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Beach Wok




As popular as it has become, Beach Wok is a relatively new addition to the central coast dining scene. But Timm and Tammy Lakey, the Pacific City restaurant’s owners, are far from new to the business.

Timm, a native of the Willamette Valley, has worked in the industry his entire adult life. Tammy, whose mother is Vietnamese and father was an American soldier, was born in Saigon and raised in Kingston, Washington, where her parents have owned a restaurant for 39 years. Tammy started working in the family business at a very early age, in fact she remembers that the school bus would drop her off at the restaurant.

Timm and Tammy met on the job, working for a restaurant in La Jolla, California. After living and working in Boise for a while, they sold their home and followed their love of kiteboarding to Hood River. At that point, they made a decision about their careers, too. As Timm puts it, “working for someone else made us realize that we needed to work for ourselves.”

The Lakeys opened a restaurant in Hood River, which they successfully operated for more than a dozen years. While living in Hood River they invested in a home in Pacific City, which they intended to use as a vacation rental, with the hope of being able to move to the coast within five to ten years. When an unsolicited offer was made for their Hood River restaurant, they were able to move fulltime to Pacific City ahead of schedule.

Timm took a job bartending and serving at the Pelican Brewing Company, where Tammy became a manager. Between kayaking, crabbing, fishing and walking their dogs on the beach, the Lakeys quickly fell in love with living fulltime at the coast. Soon they were searching to purchase a building to open a restaurant in Pacific City of their own.

Beach Wok opened in July of 2017 and has built a loyal and enthusiastic customer base. The Asian-inspired menu features many recipes from Tammy’s mom, including Vietnamese Baby Back Ribs, Banh Mi sandwiches and Pad Thai. Homemade Korean Meatballs tossed in a citrus chili soy glaze, General Tso’s Fried Chicken and Bacon Katsu Skewers are just a sampling of other popular items. Nothing is pre-made. Even the meats are hand cut. Vegan and gluten-free offerings are extensive.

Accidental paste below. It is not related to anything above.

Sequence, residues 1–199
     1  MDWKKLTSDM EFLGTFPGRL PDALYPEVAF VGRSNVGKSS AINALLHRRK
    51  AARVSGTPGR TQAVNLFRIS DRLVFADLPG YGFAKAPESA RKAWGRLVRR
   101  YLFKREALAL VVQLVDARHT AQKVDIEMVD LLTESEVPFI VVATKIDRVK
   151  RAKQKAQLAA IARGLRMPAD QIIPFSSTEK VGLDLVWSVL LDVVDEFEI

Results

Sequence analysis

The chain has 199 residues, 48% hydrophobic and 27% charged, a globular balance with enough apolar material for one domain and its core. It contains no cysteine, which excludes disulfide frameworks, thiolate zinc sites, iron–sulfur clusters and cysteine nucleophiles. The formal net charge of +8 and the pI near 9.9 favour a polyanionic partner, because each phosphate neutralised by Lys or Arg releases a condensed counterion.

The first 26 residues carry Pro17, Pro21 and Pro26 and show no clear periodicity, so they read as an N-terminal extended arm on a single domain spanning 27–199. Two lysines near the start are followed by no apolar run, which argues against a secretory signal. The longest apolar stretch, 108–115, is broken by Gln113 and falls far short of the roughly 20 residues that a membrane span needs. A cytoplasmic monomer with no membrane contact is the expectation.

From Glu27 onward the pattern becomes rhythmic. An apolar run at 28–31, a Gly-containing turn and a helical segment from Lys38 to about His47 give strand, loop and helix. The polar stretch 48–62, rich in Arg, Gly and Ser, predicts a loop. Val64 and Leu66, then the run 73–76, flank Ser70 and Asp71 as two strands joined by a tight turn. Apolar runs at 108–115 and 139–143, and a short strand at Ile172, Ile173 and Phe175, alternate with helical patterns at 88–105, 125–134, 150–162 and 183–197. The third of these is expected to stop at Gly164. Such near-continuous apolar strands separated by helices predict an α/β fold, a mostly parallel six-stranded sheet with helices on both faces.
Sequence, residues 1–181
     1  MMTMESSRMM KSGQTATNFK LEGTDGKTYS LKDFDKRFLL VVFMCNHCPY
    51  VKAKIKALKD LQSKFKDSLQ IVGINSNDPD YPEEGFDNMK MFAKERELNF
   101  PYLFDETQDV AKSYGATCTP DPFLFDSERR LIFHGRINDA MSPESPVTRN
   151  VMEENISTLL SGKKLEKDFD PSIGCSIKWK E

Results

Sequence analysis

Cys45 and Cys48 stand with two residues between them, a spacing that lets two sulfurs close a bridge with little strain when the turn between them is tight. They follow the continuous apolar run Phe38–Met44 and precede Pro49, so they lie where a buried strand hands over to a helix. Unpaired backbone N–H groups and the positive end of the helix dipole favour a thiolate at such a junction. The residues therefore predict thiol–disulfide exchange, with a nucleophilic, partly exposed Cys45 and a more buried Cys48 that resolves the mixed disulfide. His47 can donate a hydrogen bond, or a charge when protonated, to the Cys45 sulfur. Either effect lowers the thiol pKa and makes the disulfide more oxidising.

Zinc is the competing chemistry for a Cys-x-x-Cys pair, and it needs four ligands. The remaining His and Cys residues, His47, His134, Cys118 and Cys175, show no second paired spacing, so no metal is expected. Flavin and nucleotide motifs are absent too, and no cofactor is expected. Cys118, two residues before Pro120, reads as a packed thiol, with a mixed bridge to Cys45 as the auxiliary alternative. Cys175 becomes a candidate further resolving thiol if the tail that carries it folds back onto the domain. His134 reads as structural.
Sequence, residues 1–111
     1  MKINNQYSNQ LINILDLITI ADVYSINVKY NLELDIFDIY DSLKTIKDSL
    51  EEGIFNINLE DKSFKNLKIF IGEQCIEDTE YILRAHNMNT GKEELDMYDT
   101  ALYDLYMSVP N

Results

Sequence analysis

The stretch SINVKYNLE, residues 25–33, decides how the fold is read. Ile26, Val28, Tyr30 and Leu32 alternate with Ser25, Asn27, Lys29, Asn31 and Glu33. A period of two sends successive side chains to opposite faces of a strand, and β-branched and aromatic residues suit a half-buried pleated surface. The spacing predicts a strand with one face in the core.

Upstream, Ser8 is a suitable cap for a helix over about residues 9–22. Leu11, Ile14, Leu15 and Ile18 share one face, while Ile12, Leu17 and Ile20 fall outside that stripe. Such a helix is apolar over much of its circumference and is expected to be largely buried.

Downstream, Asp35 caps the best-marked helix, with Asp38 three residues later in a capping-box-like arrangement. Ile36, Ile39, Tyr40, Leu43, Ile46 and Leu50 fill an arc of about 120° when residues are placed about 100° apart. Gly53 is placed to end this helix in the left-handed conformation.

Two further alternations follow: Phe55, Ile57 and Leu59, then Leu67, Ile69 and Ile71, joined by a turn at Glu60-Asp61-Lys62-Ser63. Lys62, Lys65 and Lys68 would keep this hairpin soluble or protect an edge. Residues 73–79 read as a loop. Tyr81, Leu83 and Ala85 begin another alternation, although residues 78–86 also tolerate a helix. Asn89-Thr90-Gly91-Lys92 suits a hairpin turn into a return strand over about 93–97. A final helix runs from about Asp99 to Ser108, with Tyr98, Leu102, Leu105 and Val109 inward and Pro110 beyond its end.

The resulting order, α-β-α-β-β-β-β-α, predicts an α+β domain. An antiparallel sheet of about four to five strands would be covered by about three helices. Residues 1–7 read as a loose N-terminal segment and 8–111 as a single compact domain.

Draft beers include Kirin Ichiban, Breakside IPA and a rotating tap selected by Timm, an admitted “hophead”. Oregon wine is sold by the bottle, glass or in bottles to go. Asian Mojitos are the most popular house-made cocktails. The Lakeys and their customers often salute each other with post-meal shots of Japanese Gekkeikan Sake.

Beach Wok’s unique décor features custom woodwork by Timm fashioned from an old dock found at a local kayak shop. The dock wood was also used to frame historical photos of the area.

The affinity between the Lakeys and their regulars is readily apparent. “We get a lot of hugs from our customers,” says Tammy. “You don’t get that working for a big company.”

While Timm is the chef and Tammy runs the front of the house, it’s not unusual for both to cook, bartend or serve customers. Beach Wok, which now employs five, is open for lunch and dinner five days a week; Friday through Tuesday. With book work in the morning, Timm and Tammy typically work 15-hour days. Even on their “off days” they’ll spend several hours doing restaurant prep work.

Despite the long hours, Timm and Tammy are still excited to come to work each day. “It’s what we do, it’s what we’ve done for our whole lives, we love it,” explains Tammy. Yet the couple still likes “to play” during their time off. Timm, an avid motorcyclist, has hit 178 mph racing his Ducati on the track at Portland International Raceway.

Oregon Coast Bank customers since they first purchased a home in Pacific City, the Lakeys have plenty of nice things to say about their bankers. “Remembering customers’ names, remembering what they want, Oregon Coast Bank treats their customers the way that we treat ours,” points out Tammy. “They’re friendly, they’re helpful and they’ll frequently call in a food order when they know we’re coming by to do our banking,” adds Timm. “I’d call that a great relationship.”